How to Wash Clothes in Rusty Water
Rusty water usually happens as a result of iron deposits in your pipes or water. In rural areas, where the water source is a well, rusty water is a common issue with which to deal. Rust stains have a tendency to transfer to most anything they come in contact, especially items that are made of porous material, such as your laundry. Use simple preventive and maintenance measures to ensure that when your laundry is washed in rusty water it doesn't come out with orange discoloration.
Reduce the amount of rust in the wash water by running your washing machine through a full cycle with no laundry or detergent added. Running an adequate amount of water can help flush the plumbing lines of rust particles that have been sitting since you last washed. Turn on faucets near the washing machine, as well, and allow the water to run for five to 10 minutes to clear rust from the lines.
Wash your laundry in cold water, with a phosphate detergent and all-fabric oxygen bleach. The phosphate detergent and oxygen bleach remove and reduce the rust in the water much in the same way as a water softener does.
Add one cup of white vinegar to the wash cycle along with your detergent and bleach. Vinegar is known to be a natural rust remover and inhibitor and will keep any traces of rust in the water from penetrating your clothing.
Pour one cup of white vinegar into the rinse cycle, as well. The presence of vinegar in both water cycles of the wash machine will keep rust from transferring to your laundry.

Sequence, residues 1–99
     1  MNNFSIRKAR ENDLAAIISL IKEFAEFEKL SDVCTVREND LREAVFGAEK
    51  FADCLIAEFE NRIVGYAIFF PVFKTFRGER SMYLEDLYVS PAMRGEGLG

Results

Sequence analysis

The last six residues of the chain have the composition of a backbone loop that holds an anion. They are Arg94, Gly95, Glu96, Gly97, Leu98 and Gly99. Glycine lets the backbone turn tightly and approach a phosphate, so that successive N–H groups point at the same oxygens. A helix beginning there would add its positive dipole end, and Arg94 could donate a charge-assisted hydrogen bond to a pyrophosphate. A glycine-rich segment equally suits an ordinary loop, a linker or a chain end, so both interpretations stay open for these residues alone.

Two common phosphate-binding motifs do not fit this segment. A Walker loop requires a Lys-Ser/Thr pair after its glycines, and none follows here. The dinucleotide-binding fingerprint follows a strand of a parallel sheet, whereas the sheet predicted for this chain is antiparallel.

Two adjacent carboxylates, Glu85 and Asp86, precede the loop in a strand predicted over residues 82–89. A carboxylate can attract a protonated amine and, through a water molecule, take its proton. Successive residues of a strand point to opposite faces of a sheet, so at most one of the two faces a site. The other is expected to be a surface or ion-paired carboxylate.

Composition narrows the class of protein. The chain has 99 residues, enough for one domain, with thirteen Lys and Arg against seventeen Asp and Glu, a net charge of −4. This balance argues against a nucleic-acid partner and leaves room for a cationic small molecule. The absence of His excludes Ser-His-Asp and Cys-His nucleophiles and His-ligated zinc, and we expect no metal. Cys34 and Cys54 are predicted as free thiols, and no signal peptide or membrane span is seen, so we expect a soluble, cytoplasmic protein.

Check your laundry for rust stains prior to placing it in the dryer. The heat from the dryer will set a stain. If any traces of rust transferred to your clothing, dab at the rust with a cotton ball and vinegar to remove the stain.
- Clean rust from the inside of your wash machine by filling the wash machine with water and two gallons of white vinegar. Allow the water and vinegar to stand in the washing machine overnight, then run a regular cycle with no detergent.
- Maintain a rust-free washer by running your washing machine with plain water and two to three cups of vinegar once a week.
Mary Ylisela is a former teacher with a Bachelor of Arts in elementary education and mathematics. She has been a writer since 1996, specializing in business, fitness and education. Prior to teaching, Ylisela worked as a certified fitness instructor and a small-business owner.
- rust image by Wolfgang Zintl from Fotolia.com
- washer drain pump image by Tammy Mobley from Fotolia.com